This time it’s for real. A real plastic checkout bag ban starts this week in stores across Oahu when Bill 59 goes into effect on New Year’s Day.

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However, some environmental groups already signaled mission accomplished on plastic bags years ago. Since 2012 when Honolulu County’s Bill 10 passed, these groups have promoted the idea that “Hawaii is the first state to have a plastic bag ban county by county,” as if repeating this misinformation makes it true.

I never got behind this idea because it’s misleading. All that Hawaii had county by county were ordinances related to plastic bags, but these didn’t add up to a statewide plastic bag ban.

This was because on Oahu, the ban was really a switch — from thin to thicker plastic bags. The thin bags were regarded as “single-use” and the thicker bags were promoted as “reusable” as if to distinguish one from the other.

The truth is both are really just plastic bags that are neither “single-use” nor “reusable.” Both thin and thick can be used more than once and are therefore not single-use. But they are still disposable plastic bags and that’s how the public used them. They are not real reusable bags that are made for multiple re-use over a period of years.

Workers pull plastic off of conveyor belt at RRR Recycling Services Hawaii.

Workers pull plastic off a conveyor belt at RRR Recycling Services Hawaii in 2017. A new Honolulu law banning plastic checkout bags goes into effect Wednesday.

Cory Lum/Civil Beat

In July 2015, after Bill 10 went into effect and stores switched to thick plastic bags, Beach Environmental Awareness Campaign Hawaii surveyed litter at Ala Moana Regional Park to see how many bags were being discarded. We found the new thick plastic bags left behind all over the park. People had used them for four days or less. That hardly made them “reusable” bags.

Later, environmental groups that supported Bill 10 pushed for a fee on plastic bags rather than a ban. They believed that a 15 cent fee would reduce plastic bags. While the committee hearings were still going on, stores such as Safeway, which had previously offered just paper bags, brought in thick plastic bags in anticipation of Bill 59 passing with a fee on bags.

B.E.A.C.H. found there was a 49% increase in thick plastic bags in surveys from 2015 to 2018 at Ala Moana Regional Park. We also found in comparing survey data from 2017 and 2018 that there was a 42% decrease in paper bags. The fee on bags had resulted in more plastic and less paper bags in the environment.

Both the fee and the switch to thick plastic bags had made no difference to reducing plastic bag pollution on Oahu.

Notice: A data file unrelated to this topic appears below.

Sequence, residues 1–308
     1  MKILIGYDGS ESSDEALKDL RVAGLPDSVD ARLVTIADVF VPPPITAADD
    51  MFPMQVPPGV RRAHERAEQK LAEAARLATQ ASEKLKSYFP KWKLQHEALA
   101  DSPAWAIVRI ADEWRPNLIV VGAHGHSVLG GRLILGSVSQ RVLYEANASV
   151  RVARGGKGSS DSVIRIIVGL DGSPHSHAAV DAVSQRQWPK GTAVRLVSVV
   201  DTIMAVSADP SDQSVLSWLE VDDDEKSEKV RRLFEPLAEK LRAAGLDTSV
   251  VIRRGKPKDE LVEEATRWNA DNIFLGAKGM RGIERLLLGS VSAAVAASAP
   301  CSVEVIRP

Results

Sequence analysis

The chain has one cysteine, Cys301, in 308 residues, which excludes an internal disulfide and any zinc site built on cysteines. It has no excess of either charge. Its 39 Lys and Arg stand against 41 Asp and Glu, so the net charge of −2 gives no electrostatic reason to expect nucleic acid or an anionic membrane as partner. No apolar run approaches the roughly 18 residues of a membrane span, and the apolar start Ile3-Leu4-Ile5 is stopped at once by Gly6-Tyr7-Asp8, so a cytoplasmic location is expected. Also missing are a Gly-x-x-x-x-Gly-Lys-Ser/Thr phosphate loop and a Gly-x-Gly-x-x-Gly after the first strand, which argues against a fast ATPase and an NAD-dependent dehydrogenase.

Halfway To A Statewide Ban

The only way to really reduce plastic bags is to ban them. B.E.A.C.H. was the only environmental organization that right from the start opposed the fee and advocated for a ban on thick plastic checkout bags. No other group believed that a ban was possible as there weren’t enough votes.

That was until B.E.A.C.H. collected over 1,400 pieces of written testimony in support of a ban at 33 outreach events across the island from October 2016 to July 2017. B.E.A.C.H. got school students and the community behind a ban. Then other environmental groups began to support a ban also and Bill 59 passed 9-0 after three final hearings with both a fee and a ban.

The only way to really reduce plastic bags is to ban them.

With the ban on thick plastic bags starting this week on Oahu, Hawaii will be a step closer to a statewide ban on all plastic checkout bags county by county. Supermarket bags account for 38% of plastic checkout bags found at Ala Moana Regional Park (B.E.A.C.H. surveys 2015 and 2017). The other 62% of plastic bags was for takeout food.

With a further ban on plastic checkout bags taking place in a year’s time when Bill 40 takes effect, we’ll be halfway there towards a statewide plastic bag ban county by county as Honolulu County will have caught up to Kauai.

That will leave Maui and Hawaii counties as the other half of the state still needing to close loopholes allowing for thick plastic bags. They have administrative rules allowing plastic bags that are a minimum of 3 mils thick. In reality supermarkets in those counties don’t provide thick plastic bags, but some other stores do.

Across the U.S. there are counties and states that have switched from thin to thicker plastic bags and claimed that they have a plastic bag “ban.” But let’s get real. Switching from thin to thick plastic is like me saying I’m going gluten free now and I’m going to change from thin to thicker wheat noodles. It’s not going gluten free at all. Neither are these “bans” a ban when it’s just changing from thin to thicker plastic bags under the pretense that thicker means reusable.

Oahu has tried the switch to thicker bags and tried the fee – both have failed to make a difference. Now due to Bills 59 and 40 all plastic checkout bags in Honolulu County are going to be banned. That’s the only real way to end the threat of plastic bags to Hawaii’s endangered and threatened marine animals.

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About the Author

  • Suzanne Frazer
    Suzanne Frazer is the co-founder and president of Beach Environmental Awareness Campaign Hawaii, an award-winning nonprofit that brings awareness and solutions to plastic marine debris through environmental education in schools and the community, marine debris removal and research, and plastic reduction/litter prevention campaigns.